21/05/2009: Meet our Guests: Gwen Haworth

Gwen Haworth responds to some questions about her work and vision, as well as what sheís up to during the festival:

What is the most fun part about making a film?
With Sheís a Boy I Knew, it was the act of turning difficult life experiences into a film that was empowering and useful for others. Witnessing your message materialize on the screen and resonate with diverse people all over the world is pretty mind blowing.

Are you a filmmaker with a message? If so, what do you want to say?
Absolutely. With access to consumer-grade video cameras, many of us have the opportunity to create stories that will change the way the world perceives gender variant folk, without having to rely on big budgets or traditional avenues of film production.

Could you give us an update on what's going on with your family?

My sister Kim has a two-year old toddler, and my ex-wife Malgosia and her new husband Michael (who animated segments of my film) have recently had a baby, as well. My mom and dad are proud grandparents and have adjusted quite well to my sister Nicoleís and my queer identities. Nicole has moved to Winnipeg where she has bought a place, which sheíll turn into a communal household. And my friend Roari has moved away to work in politics.

What is the future of trans cinema?

I think it lies in our trans youth telling progressive stories that will reshape the way we and cissexual folk perceive gender. Itís important that we see more films from the perspectives of filmmakers within the gender community.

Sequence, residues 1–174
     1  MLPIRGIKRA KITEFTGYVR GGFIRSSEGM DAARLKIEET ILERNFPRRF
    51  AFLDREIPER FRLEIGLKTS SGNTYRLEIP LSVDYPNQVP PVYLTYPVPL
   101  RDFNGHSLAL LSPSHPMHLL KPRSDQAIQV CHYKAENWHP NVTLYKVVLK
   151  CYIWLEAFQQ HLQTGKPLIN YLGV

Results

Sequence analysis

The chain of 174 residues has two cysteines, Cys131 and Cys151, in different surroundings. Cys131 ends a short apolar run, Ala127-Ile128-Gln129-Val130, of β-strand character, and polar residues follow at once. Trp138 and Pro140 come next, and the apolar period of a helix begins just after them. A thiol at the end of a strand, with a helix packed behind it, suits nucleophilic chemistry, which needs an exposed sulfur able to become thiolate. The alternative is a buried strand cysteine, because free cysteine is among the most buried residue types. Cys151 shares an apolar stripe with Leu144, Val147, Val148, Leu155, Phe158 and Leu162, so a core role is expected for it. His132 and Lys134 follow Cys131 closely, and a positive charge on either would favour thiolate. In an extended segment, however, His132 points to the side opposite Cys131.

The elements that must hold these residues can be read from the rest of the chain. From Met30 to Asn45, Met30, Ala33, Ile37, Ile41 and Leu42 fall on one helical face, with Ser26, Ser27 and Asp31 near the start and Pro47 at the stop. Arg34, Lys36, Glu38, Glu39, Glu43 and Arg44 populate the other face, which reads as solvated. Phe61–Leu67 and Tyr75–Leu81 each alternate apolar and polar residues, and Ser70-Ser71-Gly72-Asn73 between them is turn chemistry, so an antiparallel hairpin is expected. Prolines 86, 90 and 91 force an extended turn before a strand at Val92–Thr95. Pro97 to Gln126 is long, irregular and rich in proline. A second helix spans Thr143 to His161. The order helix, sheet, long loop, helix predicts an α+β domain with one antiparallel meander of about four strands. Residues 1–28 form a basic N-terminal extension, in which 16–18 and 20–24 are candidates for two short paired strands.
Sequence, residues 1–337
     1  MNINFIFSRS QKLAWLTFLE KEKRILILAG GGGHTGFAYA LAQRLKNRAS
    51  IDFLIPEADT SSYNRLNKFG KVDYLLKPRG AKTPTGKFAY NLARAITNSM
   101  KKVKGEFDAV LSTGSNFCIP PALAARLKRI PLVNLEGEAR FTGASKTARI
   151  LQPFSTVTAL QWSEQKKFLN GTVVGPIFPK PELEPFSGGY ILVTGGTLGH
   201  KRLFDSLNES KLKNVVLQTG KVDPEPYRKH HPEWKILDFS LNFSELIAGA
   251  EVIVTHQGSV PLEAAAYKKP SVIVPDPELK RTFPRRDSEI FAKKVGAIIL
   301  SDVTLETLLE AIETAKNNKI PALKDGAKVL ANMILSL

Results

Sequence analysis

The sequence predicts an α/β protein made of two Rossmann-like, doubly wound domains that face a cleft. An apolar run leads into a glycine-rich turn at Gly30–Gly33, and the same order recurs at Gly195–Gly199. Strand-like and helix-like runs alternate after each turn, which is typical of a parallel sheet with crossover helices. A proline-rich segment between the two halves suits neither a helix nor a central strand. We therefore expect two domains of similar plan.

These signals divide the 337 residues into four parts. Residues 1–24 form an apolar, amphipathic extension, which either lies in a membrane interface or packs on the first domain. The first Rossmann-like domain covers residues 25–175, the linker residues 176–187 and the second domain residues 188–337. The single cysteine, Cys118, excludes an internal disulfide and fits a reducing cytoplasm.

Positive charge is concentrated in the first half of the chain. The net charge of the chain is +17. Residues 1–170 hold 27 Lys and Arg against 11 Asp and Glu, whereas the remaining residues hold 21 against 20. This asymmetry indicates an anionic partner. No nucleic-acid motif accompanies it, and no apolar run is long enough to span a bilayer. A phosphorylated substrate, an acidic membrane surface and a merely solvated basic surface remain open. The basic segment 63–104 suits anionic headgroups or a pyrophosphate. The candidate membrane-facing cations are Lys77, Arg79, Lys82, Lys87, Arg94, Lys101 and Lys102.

Could you tell us what you like about working with transgender youth?
Their creativity, perceptiveness, and enthusiasm is contagiousÖ it reinvigorates an old kid like myself.

What are you looking forward to doing/seeing while at NTGF 5?
Iíll only be in town for two days, so Iím going to try to meet up with as many new folk and old friends as I can. Iíll probably put off sleeping until Iím on the plane back home!

Born and raised in Vancouver, Canada, Gwen Haworth is a transgender filmmaker, editor, and instructor. After graduating with a degree in psychology in 1995, Gwen went on to complete undergraduate and graduate degrees in Film Production at the University of British Columbia. She has trained as a director's intern with the Academy of Canadian Cinema and Television and served as a programmer and board member for Out On Screen, which holds Vancouver's Queer Film & Video Festival. Between 2000 and 2004, Gwen came out as transsexual to her friends and family and transitioned genders from male to female. During this process, she became painfully aware of the media's marginalized depictions of trans individuals, often as victims of discrimination & violence or objects of fetish. In She's A Boy I Knew, Haworth turns the camera on her own family, capturing an intimate, complex, and emotionally ground-breaking account of their journeys through this experience.
When not making films, Gwen divides her time teaching film production at post-secondary institutions, working at an emergency homeless shelter, and DJing for fundraisers and non-profit events in Vancouver's Eastside.

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